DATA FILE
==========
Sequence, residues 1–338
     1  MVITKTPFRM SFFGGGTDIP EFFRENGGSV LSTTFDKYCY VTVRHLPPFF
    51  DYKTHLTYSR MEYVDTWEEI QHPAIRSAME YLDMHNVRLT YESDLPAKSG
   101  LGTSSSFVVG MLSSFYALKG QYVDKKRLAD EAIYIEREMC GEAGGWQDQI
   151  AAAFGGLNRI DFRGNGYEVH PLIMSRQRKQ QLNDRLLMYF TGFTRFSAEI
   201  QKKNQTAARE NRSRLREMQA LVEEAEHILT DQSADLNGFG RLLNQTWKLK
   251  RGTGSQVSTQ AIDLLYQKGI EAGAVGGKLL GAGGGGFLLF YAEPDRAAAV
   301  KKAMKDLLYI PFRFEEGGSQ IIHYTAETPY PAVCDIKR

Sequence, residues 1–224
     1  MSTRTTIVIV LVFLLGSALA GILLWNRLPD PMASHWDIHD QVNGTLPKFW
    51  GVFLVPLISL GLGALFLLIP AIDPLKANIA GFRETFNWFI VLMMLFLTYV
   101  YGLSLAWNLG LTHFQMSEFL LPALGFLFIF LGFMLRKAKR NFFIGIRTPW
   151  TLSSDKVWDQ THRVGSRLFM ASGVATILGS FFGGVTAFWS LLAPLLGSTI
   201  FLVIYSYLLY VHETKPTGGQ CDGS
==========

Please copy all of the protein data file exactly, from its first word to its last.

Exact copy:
Sequence, residues 1–338
     1  MVITKTPFRM SFFGGGTDIP EFFRENGGSV LSTTFDKYCY VTVRHLPPFF
    51  DYKTHLTYSR MEYVDTWEEI QHPAIRSAME YLDMHNVRLT YESDLPAKSG
   101  LGTSSSFVVG MLSSFYALKG QYVDKKRLAD EAIYIEREMC GEAGGWQDQI
   151  AAAFGGLNRI DFRGNGYEVH PLIMSRQRKQ QLNDRLLMYF TGFTRFSAEI
   201  QKKNQTAARE NRSRLREMQA LVEEAEHILT DQSADLNGFG RLLNQTWKLK
   251  RGTGSQVSTQ AIDLLYQKGI EAGAVGGKLL GAGGGGFLLF YAEPDRAAAV
   301  KKAMKDLLYI PFRFEEGGSQ IIHYTAETPY PAVCDIKR

Sequence, residues 1–224
     1  MSTRTTIVIV LVFLLGSALA GILLWNRLPD PMASHWDIHD QVNGTLPKFW
    51  GVFLVPLISL GLGALFLLIP AIDPLKANIA GFRETFNWFI VLMMLFLTYV
   101  YGLSLAWNLG LTHFQMSEFL LPALGFLFIF LGFMLRKAKR NFFIGIRTPW
   151  TLSSDKVWDQ THRVGSRLFM ASGVATILGS FFGGVTAFWS LLAPLLGSTI
   201  FLVIYSYLLY VHETKPTGGQ CDGS